This quarter, my seniors are honing in on rhetorical analysis. They’re looking through the lens of issues that are significant on the local, state, national, and global levels. Since our vertical and horizontal alignment is a bit of a work in progress, I needed to find an entry point that would serve as instruction, review, and assessment–all at once. Enter the word sort.
I made this word/example sort while I was on maternity leave, knowing that I would be working on rhetorical appeals when I came back to the classroom. Teaching the appeals can be as dry or as interesting as you make it, so I wanted to have an interactive tool that would be engaging, versatile, and timely.
I started this lesson with a little clip from the most recent Presidential debate. While they watched, my students had to fill out a little T-chart. On one side, they focused on Hillary Clinton; on the other side, Donald Trump. I asked them to brainstorm bullet points to finish this sentence: “The candidate appeals to our sense of ________.”
Next we broke into partners and busted out the word sort packets. I had them find and match the terms ethos, logos, and pathos with their definitions. A quick check for accuracy, then we labeled the appeals from the T-chart to use as a reference point later.
Once we had worked through the terms, my students set to work with the sorting activity. They had 25 examples from Presidents’ speeches to sort by the dominant appeal used. These were pithy quotes, such as
“It is now our generation’s task to carry on what those pioneers began. For our journey is not complete until our wives, our mothers and daughters can earn a living equal to their efforts. Our journey is not complete until our gay brothers and sisters are treated like anyone else under the law – for if we are truly created equal, then surely the love we commit to one another must be equal as well.” – Barack Obama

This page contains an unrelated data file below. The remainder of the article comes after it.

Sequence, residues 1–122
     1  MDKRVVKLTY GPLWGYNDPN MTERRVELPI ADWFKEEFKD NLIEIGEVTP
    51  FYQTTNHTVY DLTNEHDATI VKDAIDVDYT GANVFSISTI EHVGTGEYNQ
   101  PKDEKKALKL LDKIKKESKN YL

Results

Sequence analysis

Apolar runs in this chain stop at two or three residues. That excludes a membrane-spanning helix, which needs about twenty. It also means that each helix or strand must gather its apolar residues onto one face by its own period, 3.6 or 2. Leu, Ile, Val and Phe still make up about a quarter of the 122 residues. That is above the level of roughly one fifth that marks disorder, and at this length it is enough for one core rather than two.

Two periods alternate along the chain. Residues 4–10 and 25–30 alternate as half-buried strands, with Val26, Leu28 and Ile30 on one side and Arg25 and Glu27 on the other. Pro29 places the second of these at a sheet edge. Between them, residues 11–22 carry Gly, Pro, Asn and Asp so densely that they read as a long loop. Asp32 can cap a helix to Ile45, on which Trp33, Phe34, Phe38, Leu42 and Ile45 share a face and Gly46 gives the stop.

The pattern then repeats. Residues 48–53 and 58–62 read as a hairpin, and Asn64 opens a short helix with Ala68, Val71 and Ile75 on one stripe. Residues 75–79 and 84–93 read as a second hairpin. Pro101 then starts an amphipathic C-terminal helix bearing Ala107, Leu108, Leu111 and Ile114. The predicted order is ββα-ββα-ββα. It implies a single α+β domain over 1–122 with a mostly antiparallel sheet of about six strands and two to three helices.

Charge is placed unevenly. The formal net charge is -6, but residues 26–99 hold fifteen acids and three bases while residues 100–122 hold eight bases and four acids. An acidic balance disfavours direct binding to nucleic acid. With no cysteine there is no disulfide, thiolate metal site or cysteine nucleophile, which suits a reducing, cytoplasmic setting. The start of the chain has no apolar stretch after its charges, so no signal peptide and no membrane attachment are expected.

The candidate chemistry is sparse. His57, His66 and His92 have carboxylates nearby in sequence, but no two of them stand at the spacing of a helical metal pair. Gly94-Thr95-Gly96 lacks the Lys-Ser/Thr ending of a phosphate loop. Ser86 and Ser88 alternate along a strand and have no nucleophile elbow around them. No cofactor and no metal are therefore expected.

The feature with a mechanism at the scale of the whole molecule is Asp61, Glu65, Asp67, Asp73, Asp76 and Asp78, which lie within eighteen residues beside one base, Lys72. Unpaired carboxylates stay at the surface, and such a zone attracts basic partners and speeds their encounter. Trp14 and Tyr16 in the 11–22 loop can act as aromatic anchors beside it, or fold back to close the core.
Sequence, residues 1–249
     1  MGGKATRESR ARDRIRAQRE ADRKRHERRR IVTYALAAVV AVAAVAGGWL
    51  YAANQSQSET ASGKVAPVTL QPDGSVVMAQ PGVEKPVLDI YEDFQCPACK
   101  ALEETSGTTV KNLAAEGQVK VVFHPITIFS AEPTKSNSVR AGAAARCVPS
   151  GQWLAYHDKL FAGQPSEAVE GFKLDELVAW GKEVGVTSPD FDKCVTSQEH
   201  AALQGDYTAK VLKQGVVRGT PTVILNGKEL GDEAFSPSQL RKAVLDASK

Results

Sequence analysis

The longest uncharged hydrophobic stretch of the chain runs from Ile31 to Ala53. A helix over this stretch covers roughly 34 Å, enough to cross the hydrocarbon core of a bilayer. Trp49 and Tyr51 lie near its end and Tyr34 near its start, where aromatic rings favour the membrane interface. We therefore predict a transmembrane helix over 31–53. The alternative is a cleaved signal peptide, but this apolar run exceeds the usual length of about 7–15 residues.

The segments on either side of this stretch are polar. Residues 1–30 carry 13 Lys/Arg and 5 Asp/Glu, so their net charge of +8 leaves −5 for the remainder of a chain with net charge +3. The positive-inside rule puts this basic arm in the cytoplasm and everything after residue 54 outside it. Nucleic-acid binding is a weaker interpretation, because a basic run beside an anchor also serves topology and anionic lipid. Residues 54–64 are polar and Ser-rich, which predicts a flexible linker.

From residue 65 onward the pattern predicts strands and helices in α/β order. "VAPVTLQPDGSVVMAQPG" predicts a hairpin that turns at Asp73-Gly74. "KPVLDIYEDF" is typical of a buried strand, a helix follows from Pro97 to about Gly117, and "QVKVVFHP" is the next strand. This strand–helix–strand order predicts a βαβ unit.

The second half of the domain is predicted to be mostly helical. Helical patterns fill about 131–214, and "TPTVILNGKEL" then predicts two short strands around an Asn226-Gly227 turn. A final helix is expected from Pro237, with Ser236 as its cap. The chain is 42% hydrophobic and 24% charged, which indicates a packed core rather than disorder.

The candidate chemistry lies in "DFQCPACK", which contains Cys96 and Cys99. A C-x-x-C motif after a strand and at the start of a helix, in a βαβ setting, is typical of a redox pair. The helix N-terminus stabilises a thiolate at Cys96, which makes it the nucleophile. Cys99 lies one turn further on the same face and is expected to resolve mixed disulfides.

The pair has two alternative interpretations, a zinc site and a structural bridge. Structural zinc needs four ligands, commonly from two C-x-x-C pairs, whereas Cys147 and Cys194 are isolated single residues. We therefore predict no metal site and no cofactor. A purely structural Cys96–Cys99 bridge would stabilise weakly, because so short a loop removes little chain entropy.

So, first of all, let me assert my firm belief that the only thing we have to fear is fear itself – nameless, unreasoning, unjustified terror which paralyzes needed efforts to convert retreat into advance. In every dark hour of our national life a leadership of frankness and vigor has met with that understanding and support of the people themselves which is essential to victory. ” – Franklin D. Roosevelt
“One cool judgment is worth a thousand hasty counsels. The thing to be supplied is light, not heat.“—Woodrow Wilson
They chose five (at least one example of each appeal) and plugged them into a graphic organizer to hold their thinking. They also had to explain the effect on the audience.
That’s a lot for 58 minutes! This is one of my new favorites, though. I love how open-ended it is: it forces critical thinking. I managed to get the information I needed without giving a quiz, and those kids who didn’t have exposure to the appeals got a crash course. Plus, we were able to tie in current events. During a non-election year, this would be fun with the Living Room Candidate.
If you’re interested in trying this out with your students, you can find the word sort I used in my Teachers Pay Teachers store. I also have a sports version–same process and handouts, but with speeches from famous sports professionals.
I hope you’re also finding some interesting ways to incorporate current events. After all, it’s all about helping our students become citizen rhetors who can think critically and independently.
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